Why the Adage 'the Dose Makes the Poison' Can Be Toxic to Corporate Chemicals Policy

Why the Adage 'the Dose Makes the Poison' Can Be Toxic to Corporate Chemicals Policy

There probably are lots of senior execs who've been comforted when their chief scientist or toxicologist has told them that since "the dose makes the poison," they shouldn't sweat some new study about a chemical found in small amounts in their products. Unfortunately, this maxim, which has been around for about 500 years, is somewhat misleading; taking it at face value may be toxic to your company's reputation.

You're better off heeding an updated version: "The dose and the timing make the poison." This can steer you toward seeking safer alternatives for your products that will help build trust with your customers, particularly the demographic that cares about the health and development of the youngest, oldest and most vulnerable among us.

We know lots more now about human development than was known in the 1500s when Paracelsus coined the phrase that has been handed down as "the dose makes the poison." The roughly 40-week process of human development in the womb is truly remarkable. The brain and the rest of the nervous system develop. So too do the immune, endocrine, reproductive and other systems. Add in arms, legs, internal organs and a host of other systems and structures.

The whole process is driven by carefully balanced and infinitesimally small amounts of naturally produced biochemicals. Assuming a healthy genetic inheritance, the odds of the process yielding sound development are pretty good if the right chemicals are produced in the fetus as they should be, and are delivered in the correct amounts in the appropriate places at the required times. Regrettably, it doesn't take much of the wrong outside chemical to foul up this exquisitely orchestrated progression. The results of such interference might show up immediately at birth in the form of some gross birth defect; or, more insidiously, may be delayed a little later in childhood as learning or behavioral problems; or delayed later still in the form of an enhanced risk of testicular cancer in young men, breast cancer in women, or other health disorders. Many of these effects can be irreversible and permanent.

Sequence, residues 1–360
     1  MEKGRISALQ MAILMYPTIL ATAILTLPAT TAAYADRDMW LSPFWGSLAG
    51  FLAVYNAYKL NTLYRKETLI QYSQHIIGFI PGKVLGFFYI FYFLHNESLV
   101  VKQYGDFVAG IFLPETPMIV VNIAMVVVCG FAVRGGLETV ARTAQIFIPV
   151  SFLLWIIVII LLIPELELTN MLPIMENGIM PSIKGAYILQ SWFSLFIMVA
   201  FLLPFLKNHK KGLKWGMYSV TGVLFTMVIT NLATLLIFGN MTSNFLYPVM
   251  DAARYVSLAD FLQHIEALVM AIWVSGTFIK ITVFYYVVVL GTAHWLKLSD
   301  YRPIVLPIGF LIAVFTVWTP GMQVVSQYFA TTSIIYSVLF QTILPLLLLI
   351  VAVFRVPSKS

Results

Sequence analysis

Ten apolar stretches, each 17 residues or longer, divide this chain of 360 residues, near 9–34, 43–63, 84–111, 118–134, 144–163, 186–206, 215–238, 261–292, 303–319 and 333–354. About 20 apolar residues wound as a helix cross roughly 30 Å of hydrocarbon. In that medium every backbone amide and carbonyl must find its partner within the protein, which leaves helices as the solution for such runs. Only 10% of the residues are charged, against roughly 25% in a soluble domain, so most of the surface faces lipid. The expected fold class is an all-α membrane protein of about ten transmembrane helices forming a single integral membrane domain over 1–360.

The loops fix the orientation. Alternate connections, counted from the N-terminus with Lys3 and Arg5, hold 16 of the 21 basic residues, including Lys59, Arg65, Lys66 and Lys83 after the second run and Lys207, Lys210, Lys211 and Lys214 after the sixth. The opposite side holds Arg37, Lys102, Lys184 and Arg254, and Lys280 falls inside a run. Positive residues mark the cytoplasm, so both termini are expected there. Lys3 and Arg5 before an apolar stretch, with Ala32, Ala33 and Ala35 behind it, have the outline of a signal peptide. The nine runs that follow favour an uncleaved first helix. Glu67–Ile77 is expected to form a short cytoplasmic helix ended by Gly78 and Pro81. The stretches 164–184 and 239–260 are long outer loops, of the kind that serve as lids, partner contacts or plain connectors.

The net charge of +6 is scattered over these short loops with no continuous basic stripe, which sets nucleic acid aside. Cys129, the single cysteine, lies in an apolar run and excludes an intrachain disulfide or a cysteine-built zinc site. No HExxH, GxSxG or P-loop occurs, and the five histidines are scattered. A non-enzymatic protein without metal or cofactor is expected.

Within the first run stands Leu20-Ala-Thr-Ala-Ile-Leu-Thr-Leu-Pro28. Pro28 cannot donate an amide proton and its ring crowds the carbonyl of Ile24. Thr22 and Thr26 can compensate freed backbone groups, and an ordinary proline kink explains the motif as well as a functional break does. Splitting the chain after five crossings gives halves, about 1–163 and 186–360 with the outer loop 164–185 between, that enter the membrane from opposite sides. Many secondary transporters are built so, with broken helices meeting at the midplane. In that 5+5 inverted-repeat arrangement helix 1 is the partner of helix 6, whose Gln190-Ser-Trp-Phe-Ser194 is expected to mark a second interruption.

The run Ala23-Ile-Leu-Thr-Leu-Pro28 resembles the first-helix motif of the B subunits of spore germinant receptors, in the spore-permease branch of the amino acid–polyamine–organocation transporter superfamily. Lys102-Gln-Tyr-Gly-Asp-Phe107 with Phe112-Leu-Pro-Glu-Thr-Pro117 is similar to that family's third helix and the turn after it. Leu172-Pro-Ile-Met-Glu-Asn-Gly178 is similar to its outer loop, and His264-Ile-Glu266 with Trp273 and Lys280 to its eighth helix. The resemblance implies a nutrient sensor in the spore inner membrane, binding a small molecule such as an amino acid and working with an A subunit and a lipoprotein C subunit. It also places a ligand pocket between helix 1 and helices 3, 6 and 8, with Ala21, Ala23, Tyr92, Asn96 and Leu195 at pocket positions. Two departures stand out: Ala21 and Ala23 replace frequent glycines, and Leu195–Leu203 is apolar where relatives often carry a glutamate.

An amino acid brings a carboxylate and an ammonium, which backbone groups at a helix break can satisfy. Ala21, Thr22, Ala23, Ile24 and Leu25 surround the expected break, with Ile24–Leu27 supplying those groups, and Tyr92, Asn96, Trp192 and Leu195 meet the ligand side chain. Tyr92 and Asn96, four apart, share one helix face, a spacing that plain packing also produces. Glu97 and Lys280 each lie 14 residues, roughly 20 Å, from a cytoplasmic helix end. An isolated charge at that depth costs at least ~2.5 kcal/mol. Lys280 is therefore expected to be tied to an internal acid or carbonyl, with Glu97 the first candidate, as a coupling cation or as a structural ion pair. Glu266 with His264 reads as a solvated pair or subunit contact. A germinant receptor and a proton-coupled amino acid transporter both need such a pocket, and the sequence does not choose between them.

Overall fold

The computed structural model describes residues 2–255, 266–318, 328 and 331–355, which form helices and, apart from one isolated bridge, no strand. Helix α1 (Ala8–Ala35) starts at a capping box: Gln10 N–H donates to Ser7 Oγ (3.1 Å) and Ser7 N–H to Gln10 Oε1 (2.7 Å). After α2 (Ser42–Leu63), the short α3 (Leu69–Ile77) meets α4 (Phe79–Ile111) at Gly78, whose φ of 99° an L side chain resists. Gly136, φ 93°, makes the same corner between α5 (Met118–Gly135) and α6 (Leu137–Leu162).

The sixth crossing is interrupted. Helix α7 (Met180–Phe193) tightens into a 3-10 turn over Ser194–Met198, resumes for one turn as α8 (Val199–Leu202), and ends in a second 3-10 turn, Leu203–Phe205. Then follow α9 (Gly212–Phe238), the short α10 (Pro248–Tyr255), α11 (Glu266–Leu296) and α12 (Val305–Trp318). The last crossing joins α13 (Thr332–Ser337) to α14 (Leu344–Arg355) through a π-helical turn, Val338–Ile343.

Concern about chemicals in the womb will only multiply as research on humans' acquired chemical load, or body burden, increases. The U.S. Centers for Disease Control has released a series of three reports delineating Americans' body burdens, and a fourth is scheduled for later this year. The list of chemicals found in Americans reads like a who's who of substances commonly found in every day products. In 2005, two environmental health nonprofit organizations, looking earlier in the development process than the CDC routinely does, published a study of umbilical cord blood that revealed the presence of scores of common chemicals including pesticides, brominated flame retardants, and chemicals used as stain and oil repellants in packaging and on textiles.

Scientists are careful to caution that the presence of an alien chemical doesn't necessarily mean some health problem is preordained and that is sometimes the case. But by the same token, there's no doubt we know astonishingly, depressingly little about the effects of small amounts of most chemicals. Even worse, the science emerging in recent years signals that the more we learn, the more we ought to be concerned. Most chemicals are severely under-researched and most of the health effects research conducted has been done by testing high doses of chemicals on healthy adult laboratory animals. The assumption underlying much of this high dose testing is that as doses go up, effects do, and vice-versa. But this is not necessarily so; effects can show up at low doses that are absent at high ones; consequently, high dose testing, by missing effects that can show up at low doses, provides misleading assurances about chemical safety.